Meanwhile, the coaching staff and substitutes walked over to La Roja’s bench to shake hands and present necklaces and mini banners to our coaches and substitutes.  What a lovely gesture, and such heartwarming sportsmanship!  They completely won me over.

Jesús and Xavi spent a moment examining the presents.

And here we can see how the items were laid out in Tahit’s locker room before the game, and the necklaces being worn by the Tahitian players before they were given to Spain.

There were also heartwarming scenes after the game.  David Villa spent some time consoling Tahiti’s goalkeeper Mickaël Roche, who became a fan favorite in this game despite conceding 10 goals.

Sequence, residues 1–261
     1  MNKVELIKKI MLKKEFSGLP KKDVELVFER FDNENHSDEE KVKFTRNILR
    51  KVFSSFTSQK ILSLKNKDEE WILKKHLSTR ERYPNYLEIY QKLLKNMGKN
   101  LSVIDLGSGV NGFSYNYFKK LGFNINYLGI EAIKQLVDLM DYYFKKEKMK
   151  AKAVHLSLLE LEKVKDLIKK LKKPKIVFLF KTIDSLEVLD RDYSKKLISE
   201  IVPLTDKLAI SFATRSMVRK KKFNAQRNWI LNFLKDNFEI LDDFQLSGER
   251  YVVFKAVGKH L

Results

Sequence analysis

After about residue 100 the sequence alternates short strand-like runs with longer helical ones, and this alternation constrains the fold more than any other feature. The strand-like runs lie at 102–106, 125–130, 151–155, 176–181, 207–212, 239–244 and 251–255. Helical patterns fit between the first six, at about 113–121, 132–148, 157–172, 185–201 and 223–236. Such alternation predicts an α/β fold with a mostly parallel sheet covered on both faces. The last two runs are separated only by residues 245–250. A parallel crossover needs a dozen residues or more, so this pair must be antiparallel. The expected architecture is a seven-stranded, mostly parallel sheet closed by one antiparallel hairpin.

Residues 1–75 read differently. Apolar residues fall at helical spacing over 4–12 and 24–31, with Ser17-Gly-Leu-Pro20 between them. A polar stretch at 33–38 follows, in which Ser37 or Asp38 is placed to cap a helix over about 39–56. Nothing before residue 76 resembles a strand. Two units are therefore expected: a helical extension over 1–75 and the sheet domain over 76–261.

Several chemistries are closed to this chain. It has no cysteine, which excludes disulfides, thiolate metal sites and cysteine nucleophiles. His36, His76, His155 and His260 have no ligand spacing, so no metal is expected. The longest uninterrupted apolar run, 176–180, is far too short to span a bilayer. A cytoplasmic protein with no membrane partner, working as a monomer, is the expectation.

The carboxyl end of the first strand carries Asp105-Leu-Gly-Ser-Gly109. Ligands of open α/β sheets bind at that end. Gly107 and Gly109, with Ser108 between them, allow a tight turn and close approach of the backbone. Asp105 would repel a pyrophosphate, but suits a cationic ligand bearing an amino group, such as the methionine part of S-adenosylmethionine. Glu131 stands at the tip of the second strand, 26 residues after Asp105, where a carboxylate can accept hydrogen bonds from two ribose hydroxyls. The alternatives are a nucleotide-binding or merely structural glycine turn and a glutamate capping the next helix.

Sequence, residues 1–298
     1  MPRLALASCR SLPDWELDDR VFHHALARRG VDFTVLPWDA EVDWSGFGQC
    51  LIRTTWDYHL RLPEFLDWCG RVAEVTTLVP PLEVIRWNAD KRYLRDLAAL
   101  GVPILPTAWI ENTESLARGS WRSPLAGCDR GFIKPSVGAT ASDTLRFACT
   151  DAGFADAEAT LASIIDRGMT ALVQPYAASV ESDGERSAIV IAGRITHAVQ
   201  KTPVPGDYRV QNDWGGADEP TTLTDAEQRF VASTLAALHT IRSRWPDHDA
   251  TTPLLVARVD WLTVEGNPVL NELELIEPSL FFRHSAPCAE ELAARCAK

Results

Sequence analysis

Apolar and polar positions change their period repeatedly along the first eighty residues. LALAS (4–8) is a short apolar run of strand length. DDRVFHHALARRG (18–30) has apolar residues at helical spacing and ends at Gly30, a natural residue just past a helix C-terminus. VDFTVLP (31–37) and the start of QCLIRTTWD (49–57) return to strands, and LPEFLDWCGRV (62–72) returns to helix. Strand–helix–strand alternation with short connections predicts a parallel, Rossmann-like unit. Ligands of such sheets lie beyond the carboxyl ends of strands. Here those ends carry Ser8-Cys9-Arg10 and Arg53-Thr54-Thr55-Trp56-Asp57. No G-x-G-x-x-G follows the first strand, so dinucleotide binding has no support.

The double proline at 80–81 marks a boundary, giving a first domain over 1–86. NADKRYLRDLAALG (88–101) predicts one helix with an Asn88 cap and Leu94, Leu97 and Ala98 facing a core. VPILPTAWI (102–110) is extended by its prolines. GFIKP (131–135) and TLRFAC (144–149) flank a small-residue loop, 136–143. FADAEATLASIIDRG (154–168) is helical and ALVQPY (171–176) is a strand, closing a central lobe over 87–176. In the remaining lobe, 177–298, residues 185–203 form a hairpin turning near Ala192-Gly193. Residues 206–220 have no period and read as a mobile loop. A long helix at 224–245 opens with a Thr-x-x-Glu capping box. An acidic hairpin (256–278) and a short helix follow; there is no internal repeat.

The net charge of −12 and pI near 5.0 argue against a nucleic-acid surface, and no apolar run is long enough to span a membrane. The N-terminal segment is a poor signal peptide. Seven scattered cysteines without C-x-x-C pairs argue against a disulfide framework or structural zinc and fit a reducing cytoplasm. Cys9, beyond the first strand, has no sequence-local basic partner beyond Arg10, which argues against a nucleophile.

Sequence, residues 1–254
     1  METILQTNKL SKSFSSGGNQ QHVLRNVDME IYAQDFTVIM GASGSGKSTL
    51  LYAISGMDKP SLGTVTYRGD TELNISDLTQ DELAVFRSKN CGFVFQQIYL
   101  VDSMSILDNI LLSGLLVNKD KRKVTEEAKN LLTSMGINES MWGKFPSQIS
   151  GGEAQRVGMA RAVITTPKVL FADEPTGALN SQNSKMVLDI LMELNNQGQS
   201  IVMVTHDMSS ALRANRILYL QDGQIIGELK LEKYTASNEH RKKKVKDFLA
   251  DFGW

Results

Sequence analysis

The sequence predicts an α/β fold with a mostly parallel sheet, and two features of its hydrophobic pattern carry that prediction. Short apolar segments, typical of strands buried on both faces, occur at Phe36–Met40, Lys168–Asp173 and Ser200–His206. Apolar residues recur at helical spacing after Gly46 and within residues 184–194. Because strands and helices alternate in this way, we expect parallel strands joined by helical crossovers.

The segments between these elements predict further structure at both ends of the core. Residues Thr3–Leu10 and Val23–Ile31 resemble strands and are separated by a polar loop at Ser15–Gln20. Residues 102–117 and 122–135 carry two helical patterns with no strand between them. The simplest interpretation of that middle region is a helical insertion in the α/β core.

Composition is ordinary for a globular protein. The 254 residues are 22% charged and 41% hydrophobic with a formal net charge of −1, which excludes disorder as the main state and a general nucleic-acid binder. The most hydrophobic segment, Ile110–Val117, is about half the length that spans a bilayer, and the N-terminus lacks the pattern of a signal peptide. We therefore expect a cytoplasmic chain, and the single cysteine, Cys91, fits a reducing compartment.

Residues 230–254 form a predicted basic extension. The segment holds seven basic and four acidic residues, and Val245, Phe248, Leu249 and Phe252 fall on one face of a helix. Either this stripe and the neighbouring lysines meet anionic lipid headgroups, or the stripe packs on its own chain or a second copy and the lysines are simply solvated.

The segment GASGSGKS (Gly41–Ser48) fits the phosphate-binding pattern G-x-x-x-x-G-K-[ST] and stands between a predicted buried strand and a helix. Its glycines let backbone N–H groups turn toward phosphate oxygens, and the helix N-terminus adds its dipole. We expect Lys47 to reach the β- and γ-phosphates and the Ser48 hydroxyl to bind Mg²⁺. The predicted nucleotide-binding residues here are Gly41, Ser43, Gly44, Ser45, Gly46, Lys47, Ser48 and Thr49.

Pepe Reina also approached Roche to console him, and the two ended up exchanging jerseys.

The aforementioned shirt removal then commenced…

The Tahitian players also lined up to shake hands with our boys as they filed off the field.  Another sporting gesture.

This photo was chosen for the high number of shirtless players in it.  One question though: why have Steevy Chong Hue and Lorenzo Tehau joined Spain?

Here’s the pasillo moment, plus the goalkeepers.

Once the players had showered and change, there was time for more photo opportunities.